Befriending the darkness

Today has been a misty day up in the hills and it went dark just after 4pm. When out for a little walk earlier, I noticed how the landscape has now transitioned out of Autumn with all the gorgeous colours now more or less all gone. Winter is on the threshold, ready to come in. I am aware that my energy levels are low and my gaze focuses inwards. I personally feel ready to surrender to the whisper of Winter.

At this time of year, when days are short, cold and gloomy, it is easy to pine for the long, …

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Calan Gaeaf Hapus!

Tonight is Noson Galan Gaeaf in Wales. This translates from the Welsh as Winter's Eve: Nos(on) is the night (before), Calan (or Galan when the spelling of the word has a mutation applied to it) means the first day and Gaeaf is Winter. It originates from the ancient celtic festival of Samhain, celebrating the end of autumn and harvest season and the beginning of Winter.

If we divide the year into light and dark, we are now about to enter the darkest segment, between Samhain and the Winter Solstice, when the light returns to us once more. For me, this …

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Apple Day

This year has been a good year for apples, so it would seem. Our trees have been laden with them and our trusty cooking apple tree (possibly a Bramley) has produced baskets of large red and green fruit. We have now harvested them all and are slowly going through the many crates filling the floor space in the kitchen. We daren't light the woodburner in there so as not to spoil them before we have a chance to process them.

Today is Apple Day and I thought I would make a contribution to this 30-year old autumn celebration by giving …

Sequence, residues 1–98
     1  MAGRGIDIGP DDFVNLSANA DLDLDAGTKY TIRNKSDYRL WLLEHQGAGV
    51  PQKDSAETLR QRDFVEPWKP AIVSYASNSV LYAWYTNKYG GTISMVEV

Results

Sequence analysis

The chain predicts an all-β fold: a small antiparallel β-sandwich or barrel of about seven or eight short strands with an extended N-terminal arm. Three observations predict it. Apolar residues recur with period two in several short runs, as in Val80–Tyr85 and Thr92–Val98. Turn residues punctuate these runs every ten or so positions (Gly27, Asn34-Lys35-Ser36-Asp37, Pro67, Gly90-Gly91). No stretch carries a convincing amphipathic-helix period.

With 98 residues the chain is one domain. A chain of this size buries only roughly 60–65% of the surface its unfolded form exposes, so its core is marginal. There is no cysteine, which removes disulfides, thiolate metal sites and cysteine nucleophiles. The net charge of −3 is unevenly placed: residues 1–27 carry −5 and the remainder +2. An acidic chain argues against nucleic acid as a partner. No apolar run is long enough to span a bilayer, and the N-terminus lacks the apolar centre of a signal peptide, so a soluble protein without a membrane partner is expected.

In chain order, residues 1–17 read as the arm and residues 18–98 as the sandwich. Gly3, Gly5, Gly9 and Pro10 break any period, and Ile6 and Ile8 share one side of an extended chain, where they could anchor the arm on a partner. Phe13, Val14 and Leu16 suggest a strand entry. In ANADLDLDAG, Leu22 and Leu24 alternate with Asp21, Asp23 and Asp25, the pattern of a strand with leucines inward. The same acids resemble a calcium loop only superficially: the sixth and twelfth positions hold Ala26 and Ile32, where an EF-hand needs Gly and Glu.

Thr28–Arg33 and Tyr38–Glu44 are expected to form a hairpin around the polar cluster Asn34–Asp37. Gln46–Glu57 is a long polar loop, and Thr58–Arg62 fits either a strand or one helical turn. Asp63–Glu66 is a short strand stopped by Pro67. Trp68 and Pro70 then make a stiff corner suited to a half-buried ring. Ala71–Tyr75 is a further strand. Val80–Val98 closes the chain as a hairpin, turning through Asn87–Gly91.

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Restoring balance at the Equinox

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This afternoon, at 2.31 pm, the Sun crosses the celestial equator (or the imaginary line in the sky above the Earth's Equator) from South to North and the Autumn Equinox will occur. At that particular point, days and nights are of equal length, a moment of balance between light and dark, a threshold between two seasons.

As I write this, the scene on our patch of Welsh countryside is typical of Mabon time. Looking out, the landscape is still mainly green with only a few dots of autumnal yellows and oranges here and there and the blue sky continues the …

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And the robin sings again

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It's still another two weeks till the official start of Autumn at the Equinox yet there are plenty of signs that Summer has retreated and Autumn is settling in. There is a chill in the air, the colours of the landscape are changing and nuts and berries are abundant in the hedgerow. But there is something else that heralds the new season: the robins are back singing their Autumn song.

During Summer, robins are conspicuous by their absence, so much so that they seem to disappear. Of course, that's not true as they don't migrate (most don't anyway) but they …

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Lammas... the first harvest